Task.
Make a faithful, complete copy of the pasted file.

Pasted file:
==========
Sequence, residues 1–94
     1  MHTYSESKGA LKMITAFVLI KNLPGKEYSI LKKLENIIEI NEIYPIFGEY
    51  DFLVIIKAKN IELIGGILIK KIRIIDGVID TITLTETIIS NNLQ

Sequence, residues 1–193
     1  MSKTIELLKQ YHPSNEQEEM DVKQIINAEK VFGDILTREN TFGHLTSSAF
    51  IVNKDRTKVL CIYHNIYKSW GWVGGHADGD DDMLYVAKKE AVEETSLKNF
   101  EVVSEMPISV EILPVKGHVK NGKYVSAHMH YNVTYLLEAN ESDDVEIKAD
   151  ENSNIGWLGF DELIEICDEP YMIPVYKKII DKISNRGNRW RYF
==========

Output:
Sequence, residues 1–94
     1  MHTYSESKGA LKMITAFVLI KNLPGKEYSI LKKLENIIEI NEIYPIFGEY
    51  DFLVIIKAKN IELIGGILIK KIRIIDGVID TITLTETIIS NNLQ

Sequence, residues 1–193
     1  MSKTIELLKQ YHPSNEQEEM DVKQIINAEK VFGDILTREN TFGHLTSSAF
    51  IVNKDRTKVL CIYHNIYKSW GWVGGHADGD DDMLYVAKKE AVEETSLKNF
   101  EVVSEMPISV EILPVKGHVK NGKYVSAHMH YNVTYLLEAN ESDDVEIKAD
   151  ENSNIGWLGF DELIEICDEP YMIPVYKKII DKISNRGNRW RYF